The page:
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Document Max. Freq Min. Freq
Harper's Encyclopedia of United States History (ed. Benson Lossing) 1,404 0 Browse Search
George Meade, The Life and Letters of George Gordon Meade, Major-General United States Army (ed. George Gordon Meade) 200 0 Browse Search
C. Edwards Lester, Life and public services of Charles Sumner: Born Jan. 6, 1811. Died March 11, 1874. 188 0 Browse Search
Adam Badeau, Grant in peace: from Appomattox to Mount McGregor, a personal memoir 184 0 Browse Search
Horace Greeley, The American Conflict: A History of the Great Rebellion in the United States of America, 1860-65: its Causes, Incidents, and Results: Intended to exhibit especially its moral and political phases with the drift and progress of American opinion respecting human slavery from 1776 to the close of the War for the Union. Volume I. 174 0 Browse Search
Hon. J. L. M. Curry , LL.D., William Robertson Garrett , A. M. , Ph.D., Confederate Military History, a library of Confederate States Military History: Volume 1.1, Legal Justification of the South in secession, The South as a factor in the territorial expansion of the United States (ed. Clement Anselm Evans) 166 0 Browse Search
Colonel William Preston Johnston, The Life of General Albert Sidney Johnston : His Service in the Armies of the United States, the Republic of Texas, and the Confederate States. 164 0 Browse Search
Ulysses S. Grant, Personal Memoirs of U. S. Grant 132 0 Browse Search
John M. Schofield, Forty-six years in the Army 100 0 Browse Search
James Buchanan, Buchanan's administration on the eve of the rebellion 100 0 Browse Search
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Browsing named entities in The Daily Dispatch: June 19, 1861., [Electronic resource]. You can also browse the collection for Mexico (Mexico, Mexico) or search for Mexico (Mexico, Mexico) in all documents.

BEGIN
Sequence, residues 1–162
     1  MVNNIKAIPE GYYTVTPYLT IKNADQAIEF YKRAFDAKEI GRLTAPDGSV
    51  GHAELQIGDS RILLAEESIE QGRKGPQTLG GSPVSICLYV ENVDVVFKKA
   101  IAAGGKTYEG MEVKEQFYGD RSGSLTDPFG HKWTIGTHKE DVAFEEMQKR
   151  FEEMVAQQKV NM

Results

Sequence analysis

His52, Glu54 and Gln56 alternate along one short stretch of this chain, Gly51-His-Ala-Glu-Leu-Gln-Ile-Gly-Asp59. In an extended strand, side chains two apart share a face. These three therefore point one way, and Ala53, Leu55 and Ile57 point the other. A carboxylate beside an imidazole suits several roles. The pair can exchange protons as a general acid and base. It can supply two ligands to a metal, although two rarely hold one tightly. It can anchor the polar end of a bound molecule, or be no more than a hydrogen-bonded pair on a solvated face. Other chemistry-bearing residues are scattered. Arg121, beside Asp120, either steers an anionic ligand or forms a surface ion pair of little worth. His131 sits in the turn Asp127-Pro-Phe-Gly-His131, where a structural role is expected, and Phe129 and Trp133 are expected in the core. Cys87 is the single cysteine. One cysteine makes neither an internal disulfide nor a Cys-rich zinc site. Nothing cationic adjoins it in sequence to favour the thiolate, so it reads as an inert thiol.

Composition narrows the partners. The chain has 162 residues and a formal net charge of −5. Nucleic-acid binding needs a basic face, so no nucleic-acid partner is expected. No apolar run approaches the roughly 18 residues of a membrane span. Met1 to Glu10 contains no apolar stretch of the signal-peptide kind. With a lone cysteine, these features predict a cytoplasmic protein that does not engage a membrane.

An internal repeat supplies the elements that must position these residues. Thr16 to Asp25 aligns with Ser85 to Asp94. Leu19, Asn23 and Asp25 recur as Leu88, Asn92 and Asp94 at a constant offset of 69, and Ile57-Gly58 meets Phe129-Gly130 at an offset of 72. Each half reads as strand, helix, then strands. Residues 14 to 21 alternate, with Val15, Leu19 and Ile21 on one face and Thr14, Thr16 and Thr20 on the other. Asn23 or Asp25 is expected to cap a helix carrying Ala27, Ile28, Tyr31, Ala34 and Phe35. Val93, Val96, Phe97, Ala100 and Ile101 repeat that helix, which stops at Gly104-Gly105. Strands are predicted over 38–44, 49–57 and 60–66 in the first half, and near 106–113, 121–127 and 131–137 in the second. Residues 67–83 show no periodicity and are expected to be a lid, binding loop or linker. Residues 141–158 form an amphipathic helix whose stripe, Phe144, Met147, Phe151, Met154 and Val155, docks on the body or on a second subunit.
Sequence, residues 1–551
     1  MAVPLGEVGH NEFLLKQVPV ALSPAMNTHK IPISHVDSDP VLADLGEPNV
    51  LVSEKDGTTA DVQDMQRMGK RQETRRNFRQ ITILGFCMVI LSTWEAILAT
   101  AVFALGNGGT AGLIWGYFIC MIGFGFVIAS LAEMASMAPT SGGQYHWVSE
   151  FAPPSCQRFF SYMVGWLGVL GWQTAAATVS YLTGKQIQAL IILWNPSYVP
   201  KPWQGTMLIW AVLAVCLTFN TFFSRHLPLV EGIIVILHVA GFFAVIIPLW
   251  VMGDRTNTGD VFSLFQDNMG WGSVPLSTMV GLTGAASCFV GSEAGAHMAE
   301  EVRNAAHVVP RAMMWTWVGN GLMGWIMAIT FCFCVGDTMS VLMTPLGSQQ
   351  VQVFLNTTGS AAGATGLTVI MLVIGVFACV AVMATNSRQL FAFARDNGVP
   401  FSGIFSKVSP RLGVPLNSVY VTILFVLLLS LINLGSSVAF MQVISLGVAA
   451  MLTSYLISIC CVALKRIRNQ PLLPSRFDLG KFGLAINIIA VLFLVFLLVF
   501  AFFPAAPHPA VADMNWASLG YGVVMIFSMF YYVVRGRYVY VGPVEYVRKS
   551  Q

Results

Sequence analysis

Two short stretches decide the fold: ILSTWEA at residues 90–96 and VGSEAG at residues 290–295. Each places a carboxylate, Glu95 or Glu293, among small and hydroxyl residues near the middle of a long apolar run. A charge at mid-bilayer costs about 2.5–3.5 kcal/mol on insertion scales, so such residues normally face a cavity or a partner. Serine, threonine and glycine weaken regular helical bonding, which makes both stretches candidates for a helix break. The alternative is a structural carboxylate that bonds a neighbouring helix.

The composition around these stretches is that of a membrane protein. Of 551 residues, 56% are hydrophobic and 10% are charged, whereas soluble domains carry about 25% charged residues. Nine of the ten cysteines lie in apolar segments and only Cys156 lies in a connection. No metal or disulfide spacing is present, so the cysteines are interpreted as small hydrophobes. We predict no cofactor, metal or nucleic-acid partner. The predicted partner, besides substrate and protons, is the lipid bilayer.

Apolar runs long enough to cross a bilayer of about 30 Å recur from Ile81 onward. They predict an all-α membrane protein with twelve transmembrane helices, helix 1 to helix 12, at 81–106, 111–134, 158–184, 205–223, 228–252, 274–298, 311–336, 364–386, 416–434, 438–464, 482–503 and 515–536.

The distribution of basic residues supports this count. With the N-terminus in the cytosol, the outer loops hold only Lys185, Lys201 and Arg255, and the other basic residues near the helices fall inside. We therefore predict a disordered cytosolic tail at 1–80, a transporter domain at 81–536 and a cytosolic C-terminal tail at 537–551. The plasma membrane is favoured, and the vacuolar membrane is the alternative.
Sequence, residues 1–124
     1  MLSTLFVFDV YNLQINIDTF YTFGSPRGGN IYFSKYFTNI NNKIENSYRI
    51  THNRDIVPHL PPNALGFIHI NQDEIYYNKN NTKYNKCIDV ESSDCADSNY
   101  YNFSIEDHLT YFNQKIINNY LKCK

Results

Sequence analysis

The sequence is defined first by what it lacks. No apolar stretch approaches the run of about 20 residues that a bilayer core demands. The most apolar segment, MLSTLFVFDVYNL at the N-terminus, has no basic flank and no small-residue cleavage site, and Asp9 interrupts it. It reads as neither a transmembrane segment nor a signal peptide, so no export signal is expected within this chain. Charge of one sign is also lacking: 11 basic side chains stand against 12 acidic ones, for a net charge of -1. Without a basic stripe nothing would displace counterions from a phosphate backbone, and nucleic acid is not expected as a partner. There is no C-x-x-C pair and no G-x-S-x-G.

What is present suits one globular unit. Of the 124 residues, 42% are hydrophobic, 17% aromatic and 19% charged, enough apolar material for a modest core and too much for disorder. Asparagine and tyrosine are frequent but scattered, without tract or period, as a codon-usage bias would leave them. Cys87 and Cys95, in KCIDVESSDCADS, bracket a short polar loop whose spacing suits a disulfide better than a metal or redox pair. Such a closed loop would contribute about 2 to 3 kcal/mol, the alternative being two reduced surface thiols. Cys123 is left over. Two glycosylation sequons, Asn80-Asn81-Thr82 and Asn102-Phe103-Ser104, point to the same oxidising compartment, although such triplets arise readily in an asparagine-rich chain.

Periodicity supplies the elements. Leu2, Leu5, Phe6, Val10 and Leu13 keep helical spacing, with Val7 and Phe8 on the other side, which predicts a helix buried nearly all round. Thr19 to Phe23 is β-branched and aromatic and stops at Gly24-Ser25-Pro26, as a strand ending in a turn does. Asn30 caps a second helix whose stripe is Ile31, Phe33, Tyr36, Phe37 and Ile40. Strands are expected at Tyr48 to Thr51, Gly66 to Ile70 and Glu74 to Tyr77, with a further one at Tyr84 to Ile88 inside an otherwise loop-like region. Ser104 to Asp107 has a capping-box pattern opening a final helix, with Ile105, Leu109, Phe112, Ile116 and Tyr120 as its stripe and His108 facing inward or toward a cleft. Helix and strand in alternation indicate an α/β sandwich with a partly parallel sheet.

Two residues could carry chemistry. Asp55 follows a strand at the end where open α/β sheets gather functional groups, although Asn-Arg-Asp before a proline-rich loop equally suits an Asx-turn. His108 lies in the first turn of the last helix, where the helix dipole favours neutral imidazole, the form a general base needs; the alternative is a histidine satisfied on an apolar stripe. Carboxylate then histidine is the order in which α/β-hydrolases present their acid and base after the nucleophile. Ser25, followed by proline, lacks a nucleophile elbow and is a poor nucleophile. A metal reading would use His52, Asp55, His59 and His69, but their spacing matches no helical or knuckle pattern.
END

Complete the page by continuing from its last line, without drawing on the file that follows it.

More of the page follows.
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nor, and in vindication of their rights. It was not the wish of the volunteers of Texas, however, to fight against those troops of the United States who had been defending their frontiers for years, and who found themselves on their soil in the attitude of enemies, only because of political changes which they did nothing to bring about — many of whom had been personally endeared to them by long association, and by their gallant deeds, (well remembered,) as their old comrades in the war with Mexico.--With the true spirit of brave men who know how to appreciate a soldier's honor, they marshalled in such numbers before them that the rugged necessities of war might be accomplished without bloodshed and without the loes of reputation to their gallant opponents. There was no exultation over the surrender of the troops of the old 8th Infantry. This would not be the case were the volunteers of Texas called out under arms to contend with an invading force sent against them from the North. F
you, Massachusetts will send men who 'will fight till from their bouns the flesh is hacked.' They will wade through blood and slaughter in support of the Stars and Stripes." It was a Massachusetts General who led the Federal troops in the battle at Bethel Church. He waded "through blood and slaughter" to get out of the range of Southern bullets, and we opine that the valiant Butler of Massachusetts would have been equally precipitate in his retreat. The New York Day Book thus pungently answers the foregoing bit of braggadocia: In the war of 1812, and in the Mexican war, Massachusetts boasted that she furnished no troops — said it was "unbecoming a Christian people" to do so. And when the soldiers who were raised and sent at the private expense of Caleb Cushing, came back from Mexico, they were hissed and rotten-egged in the streets of Boston, and hooted at as "butcheraf" The N. Y. Tribune at that time, called General Worth "one of Uncle Sam's journeymen throat cutters!"